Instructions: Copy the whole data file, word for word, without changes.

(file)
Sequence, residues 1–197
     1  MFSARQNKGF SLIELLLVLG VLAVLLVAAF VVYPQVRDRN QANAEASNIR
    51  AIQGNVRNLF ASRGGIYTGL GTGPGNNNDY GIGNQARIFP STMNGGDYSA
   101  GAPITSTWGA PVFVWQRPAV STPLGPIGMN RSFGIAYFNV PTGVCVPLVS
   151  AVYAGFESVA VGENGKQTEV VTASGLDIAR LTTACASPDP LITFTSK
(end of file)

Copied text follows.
Sequence, residues 1–197
     1  MFSARQNKGF SLIELLLVLG VLAVLLVAAF VVYPQVRDRN QANAEASNIR
    51  AIQGNVRNLF ASRGGIYTGL GTGPGNNNDY GIGNQARIFP STMNGGDYSA
   101  GAPITSTWGA PVFVWQRPAV STPLGPIGMN RSFGIAYFNV PTGVCVPLVS
   151  AVYAGFESVA VGENGKQTEV VTASGLDIAR LTTACASPDP LITFTSK